A History of Black Catholics in America

 The Black Catholic Movement circa 1930 –2020 reinvigorated the church, with liturgical innovation, new preaching styles and activist scholarship. The 20th century brought two significant developments in the American population of Black Catholics. The first was the mass movement of African Americans from the rural South to the urban North and West, known as “the Great Migrations.” 

As black migrants moved into Catholic metropolises such as Chicago and Detroit, some progressive parishes invited black parents to enroll their children in Catholic schools. When they did so, black families were introduced to the rituals, prayers, and habits that defined Catholic culture at the time. They learned new ways of imagining, experiencing, and moving in the world. 

Tens of thousands of African Americans became Catholic as a result of these parochial school encounters, transforming the landscape of U.S. Catholicism. In Chicago, for example, the city’s black Catholic community numbered just a few hundred people meeting in the basement of a single parish in 1900. 

By 1975 Chicago was home to 80,000 black Catholics, the second largest black Catholic population in the country. In 1970, more black Catholics lived in Chicago than in New Orleans or Baltimore, an astonishing fact considering the centuries-long histories of black Catholic Louisiana and Maryland. 

Nationally the black Catholic population grew from less than 300,000 to nearly one million members between 1940 to 1975, while its center of gravity shifted from the coastal South to the industrial North. This growth in turn produced the second significant black Catholic happening of the 20th century. The Black Catholic Movement became many things all at once. There was a series of political struggles for self-determination in the institutional Church, fought in the circumstances of specific communities.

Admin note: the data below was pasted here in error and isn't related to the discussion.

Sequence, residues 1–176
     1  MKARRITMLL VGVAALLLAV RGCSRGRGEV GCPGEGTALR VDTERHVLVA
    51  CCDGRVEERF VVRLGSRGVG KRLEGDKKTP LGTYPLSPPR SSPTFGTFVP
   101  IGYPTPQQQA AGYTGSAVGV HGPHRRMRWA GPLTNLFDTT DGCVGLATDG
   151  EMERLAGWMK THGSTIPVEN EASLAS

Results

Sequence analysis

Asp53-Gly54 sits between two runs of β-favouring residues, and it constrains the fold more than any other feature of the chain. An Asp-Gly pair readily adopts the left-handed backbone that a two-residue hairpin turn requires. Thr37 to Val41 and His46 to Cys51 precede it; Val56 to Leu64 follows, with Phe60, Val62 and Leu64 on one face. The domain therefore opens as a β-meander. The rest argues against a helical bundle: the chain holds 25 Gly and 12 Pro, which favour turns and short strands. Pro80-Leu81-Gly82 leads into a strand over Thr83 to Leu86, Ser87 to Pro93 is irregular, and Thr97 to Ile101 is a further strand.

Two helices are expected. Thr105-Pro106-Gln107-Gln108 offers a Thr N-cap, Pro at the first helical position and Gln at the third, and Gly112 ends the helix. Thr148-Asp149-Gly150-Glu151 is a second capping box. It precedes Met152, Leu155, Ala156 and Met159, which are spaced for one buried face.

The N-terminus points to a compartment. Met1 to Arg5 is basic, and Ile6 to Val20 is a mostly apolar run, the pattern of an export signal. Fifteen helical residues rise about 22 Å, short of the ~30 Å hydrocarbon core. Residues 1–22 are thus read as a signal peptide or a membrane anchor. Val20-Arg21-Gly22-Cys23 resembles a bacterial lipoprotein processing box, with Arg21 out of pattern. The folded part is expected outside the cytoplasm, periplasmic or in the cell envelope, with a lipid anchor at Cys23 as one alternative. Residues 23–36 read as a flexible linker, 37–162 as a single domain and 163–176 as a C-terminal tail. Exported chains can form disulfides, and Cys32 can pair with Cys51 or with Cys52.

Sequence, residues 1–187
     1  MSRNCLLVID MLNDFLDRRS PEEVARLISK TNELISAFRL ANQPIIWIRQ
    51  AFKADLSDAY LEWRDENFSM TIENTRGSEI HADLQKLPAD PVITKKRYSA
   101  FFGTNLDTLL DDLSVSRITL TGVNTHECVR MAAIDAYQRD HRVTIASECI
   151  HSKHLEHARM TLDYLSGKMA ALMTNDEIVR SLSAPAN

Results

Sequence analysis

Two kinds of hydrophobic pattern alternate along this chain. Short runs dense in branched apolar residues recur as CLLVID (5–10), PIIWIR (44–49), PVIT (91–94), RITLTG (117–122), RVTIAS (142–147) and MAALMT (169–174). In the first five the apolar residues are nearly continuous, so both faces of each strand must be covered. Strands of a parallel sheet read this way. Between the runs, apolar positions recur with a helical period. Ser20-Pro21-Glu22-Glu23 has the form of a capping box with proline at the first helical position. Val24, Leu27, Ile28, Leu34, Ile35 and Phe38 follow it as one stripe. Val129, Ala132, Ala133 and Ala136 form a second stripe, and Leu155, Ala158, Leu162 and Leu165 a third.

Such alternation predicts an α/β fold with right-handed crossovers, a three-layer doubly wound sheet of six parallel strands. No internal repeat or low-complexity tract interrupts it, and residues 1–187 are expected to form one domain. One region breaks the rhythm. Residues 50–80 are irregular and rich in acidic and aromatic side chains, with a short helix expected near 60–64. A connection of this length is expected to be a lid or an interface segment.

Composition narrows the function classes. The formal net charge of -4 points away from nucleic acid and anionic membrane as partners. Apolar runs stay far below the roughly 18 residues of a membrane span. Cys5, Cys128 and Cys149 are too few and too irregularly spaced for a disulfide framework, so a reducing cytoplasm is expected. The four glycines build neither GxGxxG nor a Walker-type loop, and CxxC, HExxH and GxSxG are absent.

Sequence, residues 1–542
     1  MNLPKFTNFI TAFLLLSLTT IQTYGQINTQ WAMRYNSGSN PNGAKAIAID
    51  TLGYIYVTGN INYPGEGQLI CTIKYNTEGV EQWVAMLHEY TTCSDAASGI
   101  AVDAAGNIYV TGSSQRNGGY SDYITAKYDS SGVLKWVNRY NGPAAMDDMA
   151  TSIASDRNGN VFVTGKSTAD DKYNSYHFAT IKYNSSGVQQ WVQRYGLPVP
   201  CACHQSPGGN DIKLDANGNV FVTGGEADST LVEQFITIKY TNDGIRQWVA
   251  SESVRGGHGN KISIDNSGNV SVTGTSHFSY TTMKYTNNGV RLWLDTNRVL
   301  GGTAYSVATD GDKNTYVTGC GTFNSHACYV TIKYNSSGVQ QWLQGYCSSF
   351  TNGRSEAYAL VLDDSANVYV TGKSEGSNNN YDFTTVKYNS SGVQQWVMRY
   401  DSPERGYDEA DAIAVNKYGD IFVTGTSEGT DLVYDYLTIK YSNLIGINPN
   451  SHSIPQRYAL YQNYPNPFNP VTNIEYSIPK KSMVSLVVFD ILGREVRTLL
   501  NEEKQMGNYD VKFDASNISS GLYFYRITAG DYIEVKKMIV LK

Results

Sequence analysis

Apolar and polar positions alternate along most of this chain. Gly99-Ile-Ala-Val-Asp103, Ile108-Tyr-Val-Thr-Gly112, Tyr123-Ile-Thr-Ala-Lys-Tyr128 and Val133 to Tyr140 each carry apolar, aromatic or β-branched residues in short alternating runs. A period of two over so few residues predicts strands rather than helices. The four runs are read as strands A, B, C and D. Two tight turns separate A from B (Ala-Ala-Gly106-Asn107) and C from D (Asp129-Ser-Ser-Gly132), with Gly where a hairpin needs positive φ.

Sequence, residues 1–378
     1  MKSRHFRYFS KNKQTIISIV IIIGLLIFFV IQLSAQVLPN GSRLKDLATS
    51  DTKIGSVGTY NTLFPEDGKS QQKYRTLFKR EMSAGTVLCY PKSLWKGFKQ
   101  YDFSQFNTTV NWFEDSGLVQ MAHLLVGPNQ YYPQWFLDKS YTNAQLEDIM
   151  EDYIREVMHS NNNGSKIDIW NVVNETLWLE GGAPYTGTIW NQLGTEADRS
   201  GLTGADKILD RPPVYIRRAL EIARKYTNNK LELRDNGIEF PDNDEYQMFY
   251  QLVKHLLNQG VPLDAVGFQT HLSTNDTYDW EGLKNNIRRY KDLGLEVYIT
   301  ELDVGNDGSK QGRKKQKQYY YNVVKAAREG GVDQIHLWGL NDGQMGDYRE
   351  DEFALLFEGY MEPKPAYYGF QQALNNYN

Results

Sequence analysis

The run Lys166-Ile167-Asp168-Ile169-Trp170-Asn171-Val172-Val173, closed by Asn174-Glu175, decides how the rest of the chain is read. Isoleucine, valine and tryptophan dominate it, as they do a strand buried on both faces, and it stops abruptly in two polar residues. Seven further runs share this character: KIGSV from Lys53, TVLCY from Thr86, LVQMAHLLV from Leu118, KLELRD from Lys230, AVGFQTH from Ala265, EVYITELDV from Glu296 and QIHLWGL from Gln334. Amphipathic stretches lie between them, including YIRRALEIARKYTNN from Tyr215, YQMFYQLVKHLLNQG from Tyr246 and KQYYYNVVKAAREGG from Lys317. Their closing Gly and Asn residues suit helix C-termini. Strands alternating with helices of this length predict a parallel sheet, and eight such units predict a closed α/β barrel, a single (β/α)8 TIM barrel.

The Black Catholic Movement has also inspired unprecedented liturgical innovation as musicians, theologians, and local congregations integrated African American and Afro-Diasporic religious practices into Catholic worship. The 1970s witnessed a flourishing of experimentation in black Catholic worship styles, as gospel and jazz music, West African drumming and dance, and black Protestant preaching styles all found their way into Catholic Masses. 

A “new” Black Catholic Movement converged in 1984 when the 10 black bishops of the United States declared that the black Catholic community in the United States had “come of age.” After more than a decade of activism, scholarship, and struggle, it was finally possible for black Catholics to be, in their words, both “authentically Black” and “truly Catholic.” 

Some believe that it is now time to focus on moving beyond the “mainstream” and “American” masks to seek deeper understanding; and to include a discussion that includes a whole host of brothers and sisters; Catholic Americans of Latin American, African, Asian, and Native American descent. We agree. 

Thus enters the vision of NATIONAL BLACK CATHOLICS FOR LIFE. Our vision is to unite communities as brothers and sisters in the “one blood, one human race beloved community” embraced in the 20thCentury by the prophet Rev. Dr. Martin Luther King, Jr. 

We also support the Sanctity of Human Life in all stages. The Catholic Church opposes all forms of abortion procedures whose direct purpose is to destroy a zygote, blastocyst, embryo or fetus, since it holds that "human life must be respected and protected absolutely from the moment of conception. 

“From the first moment of his existence, a human being must be recognized as having the rights of a person –among which is the inviolable right of every innocent being to life." 

We are an outreach network of Priests for Life Civil Rights for The Unborn. By connecting with organizations and individuals, we work together to protect our families, and to end abortion by restoring a culture of spiritual awareness of and appreciation of the Sanctity of Life.


Copyright 2024 National Black Catholics for Life